Many schemes will see a sharp increase in their levy next year as a result of the PPF’s new and more discriminative insolvency scoring system.
To give you an idea, the PPF expects:
- £200m of levy will be redistributed (some 30% based on this year’s figures), over half of it as a result of employers dropping 5 or more of the 10 insolvency bands,
- 1,500 schemes to have an average increase in levy of 150%,
- 200 to have an increase over £200,000, with some apparently in the millions and
- a third of schemes to see a reduction of an average of 40%.
Trustees and, in particular, employers need to understand how the new system will work and to consider what steps they can take to contain their levy.
The new insolvency scoring system is the main subject of a consultation about the broad levy framework for the next three years, 2015/16 to 2017/18. The closing date is 9 July. If your scheme will be affected significantly, you should consider sending in a response.
In September, the PPF will carry out its annual consultation on the detail of the levy rules for 2015/16.
The consultation also proposes changes in relation to:
- the not-for-profit sector,
- the recognition of asset-backed funding arrangements,
- type A contingent asset guarantees and
- last man standing schemes.
These proposals will also have a significant impact on levy bills. See below for more.
Experian replaces D&B
Experian has created a scoring system specific to the characteristics of the sponsors of DB schemes e.g. typically larger, longer established and more often part of a group than most UK businesses. The system has a strong focus financial data and takes no account of the non-financial indicators of the type used by D&B, like industry sector, geographical location and board composition. Overdue trade bills matter only for small standalone businesses.
Sponsors are allocated to one of eight categories according to whether they are commercial or not-for-profit, part of a group or standalone and according to size. Each category has its own scorecard consisting of category-specific financial variables with different weightings towards the overall score.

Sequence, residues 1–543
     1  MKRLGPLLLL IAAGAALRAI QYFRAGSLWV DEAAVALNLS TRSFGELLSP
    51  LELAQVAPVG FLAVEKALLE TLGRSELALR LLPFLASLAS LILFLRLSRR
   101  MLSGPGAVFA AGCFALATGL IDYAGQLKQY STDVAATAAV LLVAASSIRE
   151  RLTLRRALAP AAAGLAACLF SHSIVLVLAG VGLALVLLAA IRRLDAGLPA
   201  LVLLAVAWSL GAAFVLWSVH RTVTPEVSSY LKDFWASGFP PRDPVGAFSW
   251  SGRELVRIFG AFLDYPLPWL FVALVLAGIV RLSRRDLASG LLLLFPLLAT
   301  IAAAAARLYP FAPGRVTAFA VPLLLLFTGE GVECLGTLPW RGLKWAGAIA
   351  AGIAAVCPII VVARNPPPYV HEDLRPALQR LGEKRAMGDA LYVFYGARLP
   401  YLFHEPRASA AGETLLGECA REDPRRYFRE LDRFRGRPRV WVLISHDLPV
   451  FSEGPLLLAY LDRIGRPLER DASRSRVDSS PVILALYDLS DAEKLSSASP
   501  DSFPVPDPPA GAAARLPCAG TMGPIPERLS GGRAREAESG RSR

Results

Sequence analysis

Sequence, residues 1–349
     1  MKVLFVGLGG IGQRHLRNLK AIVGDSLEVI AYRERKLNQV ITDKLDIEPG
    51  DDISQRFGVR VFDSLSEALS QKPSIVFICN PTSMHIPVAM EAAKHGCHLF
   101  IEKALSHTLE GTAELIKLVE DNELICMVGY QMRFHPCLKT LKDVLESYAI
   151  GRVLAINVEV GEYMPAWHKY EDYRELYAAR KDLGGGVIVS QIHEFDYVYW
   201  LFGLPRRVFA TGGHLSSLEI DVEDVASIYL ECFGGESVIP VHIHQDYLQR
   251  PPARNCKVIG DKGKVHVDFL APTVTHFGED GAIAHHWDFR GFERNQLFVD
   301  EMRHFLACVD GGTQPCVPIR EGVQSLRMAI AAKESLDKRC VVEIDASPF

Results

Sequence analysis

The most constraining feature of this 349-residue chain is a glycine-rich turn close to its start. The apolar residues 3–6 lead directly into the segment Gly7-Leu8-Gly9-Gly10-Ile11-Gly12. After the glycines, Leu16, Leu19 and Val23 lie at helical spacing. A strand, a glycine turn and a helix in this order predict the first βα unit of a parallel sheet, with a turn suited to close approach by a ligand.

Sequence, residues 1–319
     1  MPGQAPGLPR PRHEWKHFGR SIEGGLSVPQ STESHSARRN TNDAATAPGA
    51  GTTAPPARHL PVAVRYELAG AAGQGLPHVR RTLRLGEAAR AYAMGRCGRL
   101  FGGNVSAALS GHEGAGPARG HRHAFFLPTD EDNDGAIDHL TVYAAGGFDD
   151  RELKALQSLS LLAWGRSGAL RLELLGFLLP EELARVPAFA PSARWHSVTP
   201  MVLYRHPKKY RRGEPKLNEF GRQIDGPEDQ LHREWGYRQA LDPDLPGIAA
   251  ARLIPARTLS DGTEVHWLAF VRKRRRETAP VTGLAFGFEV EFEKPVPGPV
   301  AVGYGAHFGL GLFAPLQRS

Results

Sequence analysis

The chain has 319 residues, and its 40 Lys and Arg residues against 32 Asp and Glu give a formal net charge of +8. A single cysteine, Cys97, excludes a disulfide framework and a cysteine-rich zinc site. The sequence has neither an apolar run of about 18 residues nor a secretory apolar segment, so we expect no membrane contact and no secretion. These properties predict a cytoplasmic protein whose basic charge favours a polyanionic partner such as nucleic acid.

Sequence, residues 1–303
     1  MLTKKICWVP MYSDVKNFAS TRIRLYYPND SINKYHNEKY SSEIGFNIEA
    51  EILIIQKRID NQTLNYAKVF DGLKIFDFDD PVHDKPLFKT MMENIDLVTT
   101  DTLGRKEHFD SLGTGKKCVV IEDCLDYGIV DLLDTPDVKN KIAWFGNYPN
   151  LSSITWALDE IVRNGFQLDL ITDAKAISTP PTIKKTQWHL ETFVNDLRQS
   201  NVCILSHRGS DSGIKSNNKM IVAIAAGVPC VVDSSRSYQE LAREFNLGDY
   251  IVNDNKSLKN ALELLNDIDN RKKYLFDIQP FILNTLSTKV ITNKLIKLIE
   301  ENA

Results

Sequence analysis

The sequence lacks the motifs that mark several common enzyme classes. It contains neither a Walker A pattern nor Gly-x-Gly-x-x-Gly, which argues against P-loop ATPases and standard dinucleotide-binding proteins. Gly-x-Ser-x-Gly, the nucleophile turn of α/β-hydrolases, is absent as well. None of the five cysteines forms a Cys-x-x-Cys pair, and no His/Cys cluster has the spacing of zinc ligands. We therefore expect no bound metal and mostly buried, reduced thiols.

For groups, the new system takes considerably more account (up to a top weighting of 33%) of the strength or weakness of the ultimate parent company than D&B’s method.
The new system will be transparent and user friendly. Employers will have free online access to the data Experian holds on them and to their score, making it easier to ensure information is correct and up to date. An email will alert them if their score changes.
The PPF invites views on whether it should offer transitional protection (for one year) to the schemes most affected by the changes. It suggests a reduction in levy (amount unspecified) where an employer’s insolvency risk is more that 200% higher than for the current levy year. It estimates this would add up to £100m of levy.
For levy year 2015/16, an employer’s final insolvency score will be the average of the six monthly scores from October 2014 to March 2015 (instead of the usual 12 month average).
The PPF also invites for views on the following proposals that will also have marked effects on individual levy bills.
- It accepts that a scoring system designed for commercial enterprises is unsuitable for not-for-profit organisations (NFPs). So it proposes a dedicated scorecard and makes suggestions about how to define an NFP.
- For the largest employers (assets over £500m), should the Experian score be overridden by a credit rating from one of the leading agencies (Moody’s, Standard & Poor’s or Fitch)? This question arises because the Experian system is less accurate for this category than for others. If adopted, the override would apply whether it produced a more or less favourable result for an employer.
- An asset-backed funding (ABF) arrangement will not be recognised as a general scheme asset. Instead it will be subject to separate certification at the lower of the NPV of future cashflow and the value of the underlying asset on insolvency.
- In addition, the underlying asset will be restricted to the same classes as the PPF accepts for the closest analogy among the contingent assets it accepts (secured guarantees), being cash, securities and UK real estate. In practice, the PPF accepts this is likely to mean recognised ABFs will be confined to real estate.
- The PPF remains dissatisfied with the strength of covenant behind some parent guarantees submitted as contingent assets. It is considering tightening the requirements using one or more of these approaches:
- be clearer about the value in issue by requiring trustees to certify the guarantor can meet a specific cash sum on an immediate group wide insolvency (rather than an amount opaquely defined by reference to an actuarial basis),
- the insolvency scoring system for groups will give considerable weight to the strength or weakness of the ultimate parent company. The PPF believes this could reduce the incentive for putting guarantees in place, and
- treat a guarantee as increasing the guarantor’s gearing, giving it a higher insolvency risk score.
- To sharpen the requirements in relation to last man standing schemes, the PPF proposes to require a certificate, based on legal advice, that a scheme is indeed last man standing. Secondly, it proposes to develop a scheme specific discount factor to replace the current uniform 10%.
The consultation documents (which include YouTube videos) are available here: http://www.pensionprotectionfund.org. uk/levy/Pages/PensionProtectionLevy.aspx